Today, my guest on Portals and Pathways is producer, screenwriter and author Joel Eisenberg. He’s a very kind, humble and inspiring man, and it was my great pleasure, honor, and a lot of fun to have this chat with him.
CG: Joel, which came first—wanting to be a writer, or wanting to be in the movie business? And when did you know that was what you wanted to do?
JE: Good question. I wanted to be a writer in the movie business. That’s not a copout answer but the truth, and I knew it from a very early age. When I was a boy, I eschewed sports and leisure activities in favor of writing. I wrote short stories based on my favorite television shows and movies. A typical plot was the crew of the Starship Enterprise teams with the Six Million Dollar Man to save the world from the Planet of the Apes. It didn’t matter that the Planet of the Apes was earth; this was my creation after all. I wanted, no, needed to create for a living. Writing was the passion from early on. And then I saw “Star Wars” (“A New Hope” before it was “A New Hope”) for the first time at 13 and that sealed the deal.
CG: Which of the many projects you’ve worked on is your favorite (I realize this may be like choosing a favorite child) and why?
JE: “The Chronicles of Ara” by far. I’m working in a playground of personal obsessions and creating a monster fantasy story out of it all.
CG: Tell us a little about “The Chronicles of Ara.” How did that come about?
JE: Several things. Years ago, I knew an old-time Broadway producer, Ernest Martin. He was the “Martin” of (Cy) “Feuer and Martin,” the legendary Broadway team who produced “Guys and Dolls”, “Can-Can”, “How to Succeed in Business Without Really Trying” and numerous others. He was also great friends with John Steinbeck. Years after his death his widow, Twyla, asked me to go through a box of Ernie’s effects. There, I found nearly 400 pages of handwritten John Steinbeck material. Many months later while pouring through this material at home, I realized what a treasure this was. The pages mostly comprised the notes and work that was ultimately titled “Sweet Thursday”, along with some unrelated letters and the handwritten manuscript of “The Log of the Sea of Cortez”. I immediately became fascinated with missing literature, as this material was considered “lost” for over 50 years. Another inspiration: Months earlier, as a special education teacher, my principal walked into my classroom and asked a student to turn her T-shirt inside-out. The student was well-behaved, generally, and was at the top of her class scholastically. The T-shirt had the image of Marilyn Manson on its front. The principal threatened to suspend her if she didn’t comply. She complied. I had words with the principal after class and resigned a few weeks later. This student was not bothering anyone, and I resented the attempt at suppressing her free speech. From there, I was always fascinated by the concept of “dangerous art”, which would become a hallmark theme in the “Ara” series. This videogame and movie is bad for kids, that TV show is anti-religious, and so on. Between Steinbeck and this scenario, I had a book brewing. All of this came to a head when I met Steve Hillard, the co-creator of this series with an earlier book called “Mirkwood”. We teamed up to further the mythos and “The Chronicles of Ara” was born.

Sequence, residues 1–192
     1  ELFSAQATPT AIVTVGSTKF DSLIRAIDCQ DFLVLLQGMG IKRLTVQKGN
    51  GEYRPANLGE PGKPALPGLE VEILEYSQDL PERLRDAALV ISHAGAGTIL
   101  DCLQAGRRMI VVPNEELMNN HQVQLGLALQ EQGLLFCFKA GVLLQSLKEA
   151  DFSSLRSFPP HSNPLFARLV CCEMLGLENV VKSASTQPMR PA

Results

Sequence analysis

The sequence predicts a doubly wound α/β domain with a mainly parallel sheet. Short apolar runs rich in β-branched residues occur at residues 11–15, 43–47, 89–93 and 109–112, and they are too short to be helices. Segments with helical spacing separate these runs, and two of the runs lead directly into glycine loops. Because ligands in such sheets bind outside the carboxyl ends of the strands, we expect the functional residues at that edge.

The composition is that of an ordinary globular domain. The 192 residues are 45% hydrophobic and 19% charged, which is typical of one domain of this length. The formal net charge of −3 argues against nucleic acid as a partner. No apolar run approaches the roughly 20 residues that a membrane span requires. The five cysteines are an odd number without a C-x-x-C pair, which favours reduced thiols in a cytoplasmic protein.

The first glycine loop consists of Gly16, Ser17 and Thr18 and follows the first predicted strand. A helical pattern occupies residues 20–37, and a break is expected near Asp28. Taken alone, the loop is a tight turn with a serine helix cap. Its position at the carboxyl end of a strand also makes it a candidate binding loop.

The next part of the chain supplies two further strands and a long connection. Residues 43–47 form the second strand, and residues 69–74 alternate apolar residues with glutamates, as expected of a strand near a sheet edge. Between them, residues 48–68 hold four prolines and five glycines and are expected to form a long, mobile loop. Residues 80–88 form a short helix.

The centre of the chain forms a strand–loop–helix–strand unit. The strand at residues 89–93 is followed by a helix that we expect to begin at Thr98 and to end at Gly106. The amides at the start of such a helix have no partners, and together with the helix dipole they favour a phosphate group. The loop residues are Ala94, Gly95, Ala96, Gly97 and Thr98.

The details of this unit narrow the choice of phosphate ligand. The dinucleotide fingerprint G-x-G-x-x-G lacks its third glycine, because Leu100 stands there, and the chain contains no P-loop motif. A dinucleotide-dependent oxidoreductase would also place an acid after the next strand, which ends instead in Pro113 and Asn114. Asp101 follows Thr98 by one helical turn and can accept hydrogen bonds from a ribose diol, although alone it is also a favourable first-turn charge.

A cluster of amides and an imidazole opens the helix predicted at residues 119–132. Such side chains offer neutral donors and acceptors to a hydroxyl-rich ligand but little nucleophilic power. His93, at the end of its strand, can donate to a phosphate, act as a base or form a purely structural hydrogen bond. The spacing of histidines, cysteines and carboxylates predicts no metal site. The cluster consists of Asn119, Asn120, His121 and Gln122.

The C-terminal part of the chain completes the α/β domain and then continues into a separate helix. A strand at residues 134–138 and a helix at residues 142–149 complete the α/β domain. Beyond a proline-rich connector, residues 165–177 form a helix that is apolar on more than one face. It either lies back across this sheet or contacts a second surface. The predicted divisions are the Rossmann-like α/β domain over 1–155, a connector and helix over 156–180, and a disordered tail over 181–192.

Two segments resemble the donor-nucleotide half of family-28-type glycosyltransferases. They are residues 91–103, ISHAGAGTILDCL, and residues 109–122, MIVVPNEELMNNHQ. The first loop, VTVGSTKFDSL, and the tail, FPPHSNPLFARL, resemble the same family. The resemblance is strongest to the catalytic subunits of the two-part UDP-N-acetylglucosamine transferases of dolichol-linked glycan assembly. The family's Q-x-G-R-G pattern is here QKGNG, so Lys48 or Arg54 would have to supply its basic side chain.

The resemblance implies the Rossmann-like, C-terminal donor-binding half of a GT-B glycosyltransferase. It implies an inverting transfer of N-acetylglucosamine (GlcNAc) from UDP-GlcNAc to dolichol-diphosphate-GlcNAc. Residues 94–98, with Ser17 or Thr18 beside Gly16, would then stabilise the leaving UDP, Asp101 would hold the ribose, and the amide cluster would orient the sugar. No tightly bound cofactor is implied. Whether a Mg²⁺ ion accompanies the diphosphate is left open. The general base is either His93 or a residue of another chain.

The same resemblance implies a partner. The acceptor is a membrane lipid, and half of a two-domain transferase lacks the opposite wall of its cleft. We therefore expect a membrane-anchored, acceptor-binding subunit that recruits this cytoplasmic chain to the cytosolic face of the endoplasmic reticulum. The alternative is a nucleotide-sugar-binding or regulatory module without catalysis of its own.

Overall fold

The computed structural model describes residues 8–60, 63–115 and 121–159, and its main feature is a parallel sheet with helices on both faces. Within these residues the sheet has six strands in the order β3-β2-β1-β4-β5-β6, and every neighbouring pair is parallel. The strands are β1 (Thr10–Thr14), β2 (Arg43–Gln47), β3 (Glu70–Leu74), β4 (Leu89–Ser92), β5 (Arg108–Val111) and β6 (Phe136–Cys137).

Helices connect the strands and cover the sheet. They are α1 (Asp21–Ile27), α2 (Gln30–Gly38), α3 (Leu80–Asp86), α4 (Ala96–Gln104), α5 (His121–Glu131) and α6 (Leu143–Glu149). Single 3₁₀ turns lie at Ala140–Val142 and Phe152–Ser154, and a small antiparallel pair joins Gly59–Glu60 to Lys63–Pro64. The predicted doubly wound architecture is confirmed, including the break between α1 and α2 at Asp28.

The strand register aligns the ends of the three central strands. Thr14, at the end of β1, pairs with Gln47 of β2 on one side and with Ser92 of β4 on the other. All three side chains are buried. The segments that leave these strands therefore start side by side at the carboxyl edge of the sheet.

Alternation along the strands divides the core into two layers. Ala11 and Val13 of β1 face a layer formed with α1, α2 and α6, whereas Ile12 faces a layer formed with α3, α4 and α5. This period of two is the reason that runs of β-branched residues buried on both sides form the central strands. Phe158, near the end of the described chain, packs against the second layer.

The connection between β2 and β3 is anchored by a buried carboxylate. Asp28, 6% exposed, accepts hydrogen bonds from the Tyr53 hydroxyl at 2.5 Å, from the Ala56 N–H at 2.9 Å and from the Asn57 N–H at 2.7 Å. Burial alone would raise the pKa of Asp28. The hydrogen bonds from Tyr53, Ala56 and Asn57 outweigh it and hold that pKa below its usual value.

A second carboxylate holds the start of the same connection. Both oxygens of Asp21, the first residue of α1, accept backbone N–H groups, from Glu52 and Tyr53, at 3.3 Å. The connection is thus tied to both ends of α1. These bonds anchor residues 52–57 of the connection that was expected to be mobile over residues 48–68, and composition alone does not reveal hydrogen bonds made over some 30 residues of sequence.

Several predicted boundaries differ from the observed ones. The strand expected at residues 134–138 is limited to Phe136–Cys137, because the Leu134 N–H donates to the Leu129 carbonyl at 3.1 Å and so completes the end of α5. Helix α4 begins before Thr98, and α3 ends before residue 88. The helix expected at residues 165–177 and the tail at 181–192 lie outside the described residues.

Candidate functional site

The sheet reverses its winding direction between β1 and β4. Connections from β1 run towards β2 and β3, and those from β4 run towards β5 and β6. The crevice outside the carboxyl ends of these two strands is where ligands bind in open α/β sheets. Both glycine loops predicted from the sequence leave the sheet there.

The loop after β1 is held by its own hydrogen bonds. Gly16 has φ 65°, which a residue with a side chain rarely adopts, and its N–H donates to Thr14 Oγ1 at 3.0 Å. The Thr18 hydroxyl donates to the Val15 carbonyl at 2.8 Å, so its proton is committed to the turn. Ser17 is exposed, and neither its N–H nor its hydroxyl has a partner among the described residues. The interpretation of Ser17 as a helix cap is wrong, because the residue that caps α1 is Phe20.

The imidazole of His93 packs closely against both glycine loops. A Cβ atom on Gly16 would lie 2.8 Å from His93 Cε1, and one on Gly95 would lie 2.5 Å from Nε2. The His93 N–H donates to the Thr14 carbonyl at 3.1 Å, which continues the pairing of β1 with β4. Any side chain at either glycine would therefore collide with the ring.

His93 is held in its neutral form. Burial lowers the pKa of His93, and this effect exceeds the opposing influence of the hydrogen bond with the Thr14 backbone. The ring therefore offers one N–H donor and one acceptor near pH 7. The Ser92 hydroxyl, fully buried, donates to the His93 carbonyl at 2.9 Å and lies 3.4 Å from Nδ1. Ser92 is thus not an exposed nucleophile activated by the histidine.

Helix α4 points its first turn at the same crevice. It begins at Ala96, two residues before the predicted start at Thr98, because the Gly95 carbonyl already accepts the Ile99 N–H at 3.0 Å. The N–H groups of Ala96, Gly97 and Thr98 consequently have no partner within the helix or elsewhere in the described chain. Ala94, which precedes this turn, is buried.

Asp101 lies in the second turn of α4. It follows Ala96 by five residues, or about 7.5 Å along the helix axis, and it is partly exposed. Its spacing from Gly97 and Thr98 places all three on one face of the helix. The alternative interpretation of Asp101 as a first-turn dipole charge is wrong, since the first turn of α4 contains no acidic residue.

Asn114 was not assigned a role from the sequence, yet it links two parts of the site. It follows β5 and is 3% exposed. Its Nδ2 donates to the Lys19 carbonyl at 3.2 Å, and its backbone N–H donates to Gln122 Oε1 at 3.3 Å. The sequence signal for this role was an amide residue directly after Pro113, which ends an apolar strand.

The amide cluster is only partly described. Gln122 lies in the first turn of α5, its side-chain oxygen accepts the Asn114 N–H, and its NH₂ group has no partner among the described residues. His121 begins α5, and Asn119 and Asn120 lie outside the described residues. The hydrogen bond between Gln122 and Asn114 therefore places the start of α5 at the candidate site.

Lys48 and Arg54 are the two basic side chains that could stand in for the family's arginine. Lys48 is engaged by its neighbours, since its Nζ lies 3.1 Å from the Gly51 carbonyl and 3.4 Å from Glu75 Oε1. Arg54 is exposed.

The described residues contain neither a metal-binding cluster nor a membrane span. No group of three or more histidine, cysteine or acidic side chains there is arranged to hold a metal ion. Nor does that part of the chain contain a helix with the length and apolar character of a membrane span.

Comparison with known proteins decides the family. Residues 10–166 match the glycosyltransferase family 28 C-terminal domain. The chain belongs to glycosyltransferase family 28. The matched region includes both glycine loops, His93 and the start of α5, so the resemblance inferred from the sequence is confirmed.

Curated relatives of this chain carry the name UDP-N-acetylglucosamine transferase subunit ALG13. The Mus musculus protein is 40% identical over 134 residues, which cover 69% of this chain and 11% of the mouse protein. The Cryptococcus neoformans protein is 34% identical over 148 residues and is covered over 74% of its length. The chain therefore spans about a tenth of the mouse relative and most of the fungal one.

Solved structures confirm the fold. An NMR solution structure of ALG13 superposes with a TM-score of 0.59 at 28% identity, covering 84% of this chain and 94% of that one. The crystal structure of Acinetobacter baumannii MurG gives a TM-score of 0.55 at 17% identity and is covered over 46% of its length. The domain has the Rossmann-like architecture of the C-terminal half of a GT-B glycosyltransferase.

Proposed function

CG: One of the things that strikes me as unique about the Chronicles is that J.R.R Tolkien appears as, himself, a character in the series. How crucial an influence do you see Tolkien as in your own work?
JE: The unexpected answer, honestly, is no more than the other authors featured. I love Tolkien’s work and believed him to be, for several reasons, the best author to dramatize in Book One of “The Chronicles of Ara”. Future volumes include appearances by Poe, Lovecraft, Verne, Wells, Doyle, Mary Shelley, etc. I consider all these writers, certainly Tolkien, as creators who peeked into the darker sides of human nature – only to return with stories and themes that had a primal, lasting impact. 5) You describe the Chronicles of Ara as deeply concerned with the force of artistic creation. As it happens, that’s something that’s always informed my own work as well. Why, do you think, are artists and creative people so important? Because I believe everything that is a cause for action begins with the word. Artists, perhaps being more interior than many, seem to troll (their) human nature more than most. I believe a powerful artist is a powerful influencer who can shape cultures. For example, IF The Bible is looked upon as literature only, what kind of impact have these writers left in the world? And so on.